The NATO-Russia summit sends a positive signal, despite a "wide range" of differences between two sides, German Chancellor Angela Merkel has said. Merkel also pledged military support to the ex-Soviet state of Lithuania.
Berlin and Vilnius have a "very good military cooperation," Chancellor Merkel said after meeting Lithuanian President Dalia Grybauskaite in Berlin on Wednesday.
"The protection of Lithuania still plays an important role, taking into account that Russia is a neighboring country," Merkel said at a joint press conference.
Germany is set to provide additional military assistance for the Baltic country, especially assistance protecting and monitoring Lithuanian airspace.
NATO is currently engaged in a military build-up near Russian borders, with the former USSR members Lithuania, Latvia, and Estonia also set to host troops.
The Western countries and Russia have been flexing their military muscles since the outbreak of the Ukraine conflict in 2014. On Wednesday, however, Moscow envoys met with NATO representatives in Brussels, marking the first such summit since the escalation.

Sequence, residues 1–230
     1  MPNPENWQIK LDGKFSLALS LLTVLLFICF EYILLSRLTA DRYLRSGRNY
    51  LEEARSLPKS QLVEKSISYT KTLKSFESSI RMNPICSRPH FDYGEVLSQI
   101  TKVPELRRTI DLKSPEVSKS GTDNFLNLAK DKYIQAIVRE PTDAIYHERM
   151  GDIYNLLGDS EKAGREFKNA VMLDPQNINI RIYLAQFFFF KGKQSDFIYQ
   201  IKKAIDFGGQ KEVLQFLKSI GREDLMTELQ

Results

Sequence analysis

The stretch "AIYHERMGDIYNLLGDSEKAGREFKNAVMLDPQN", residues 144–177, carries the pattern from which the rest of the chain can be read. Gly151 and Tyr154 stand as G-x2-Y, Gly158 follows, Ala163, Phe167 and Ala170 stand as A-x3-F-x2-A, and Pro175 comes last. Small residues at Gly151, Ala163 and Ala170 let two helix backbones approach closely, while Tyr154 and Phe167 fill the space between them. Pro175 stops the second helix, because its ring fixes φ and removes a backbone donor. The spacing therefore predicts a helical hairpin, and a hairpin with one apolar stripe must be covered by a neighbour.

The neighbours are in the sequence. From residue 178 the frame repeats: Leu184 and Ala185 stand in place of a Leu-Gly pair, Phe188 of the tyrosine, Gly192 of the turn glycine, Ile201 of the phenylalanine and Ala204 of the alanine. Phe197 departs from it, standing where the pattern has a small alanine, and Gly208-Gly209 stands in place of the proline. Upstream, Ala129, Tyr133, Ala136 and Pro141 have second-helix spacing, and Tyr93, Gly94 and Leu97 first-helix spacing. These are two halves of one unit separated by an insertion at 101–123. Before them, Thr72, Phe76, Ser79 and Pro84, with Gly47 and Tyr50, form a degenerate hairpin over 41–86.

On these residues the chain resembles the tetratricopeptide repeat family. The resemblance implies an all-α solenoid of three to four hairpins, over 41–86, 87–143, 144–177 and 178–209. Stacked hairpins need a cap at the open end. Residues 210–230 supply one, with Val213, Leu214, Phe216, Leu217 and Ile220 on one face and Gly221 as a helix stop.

No 'business as usual'
Commenting on the Brussels' meet, Merkel told reporters that dialogue was important.
"From my point of view it was a good sign that there was a NATO-Russia meeting again and that they're talking," she said.
Lithuania's President Grybauskaite also said it was important to keep the communication channels with Russia open, but cautioned that "this meeting today is not business as usual, not yet."
There was still no practical cooperation, according to Grybauskaite.
Preparing for Hanover meet
In addition to military tensions, the US and the EU have also been engaged in an economic boycott of Russian trade since the start of the Ukraine crisis. The EU is due to decide on prolonging the sanctions before the end of July, with the perceived implementation of the Minsk peace accord the decisive factor.
The Ukraine conflict would be one of the topics at the international summit in Germany next Monday, Merkel told reporters in Berlin. The German chancellor is set to discuss international crises, including fighting in Syria and Libya, with Presidents Francois Hollande and Barack Obama, as well as Prime Minister David Cameron and the Italian head of government Matteo Renzi.